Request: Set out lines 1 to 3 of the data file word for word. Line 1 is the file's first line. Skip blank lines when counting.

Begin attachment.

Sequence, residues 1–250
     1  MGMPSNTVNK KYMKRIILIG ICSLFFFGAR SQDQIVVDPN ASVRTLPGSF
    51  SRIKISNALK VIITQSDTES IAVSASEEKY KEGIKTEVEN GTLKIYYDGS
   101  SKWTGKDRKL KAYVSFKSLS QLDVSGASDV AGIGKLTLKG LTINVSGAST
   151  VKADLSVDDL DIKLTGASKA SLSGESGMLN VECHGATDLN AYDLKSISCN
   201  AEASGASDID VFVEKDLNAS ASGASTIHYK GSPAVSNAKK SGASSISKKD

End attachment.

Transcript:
Sequence, residues 1–250
     1  MGMPSNTVNK KYMKRIILIG ICSLFFFGAR SQDQIVVDPN ASVRTLPGSF
    51  SRIKISNALK VIITQSDTES IAVSASEEKY KEGIKTEVEN GTLKIYYDGS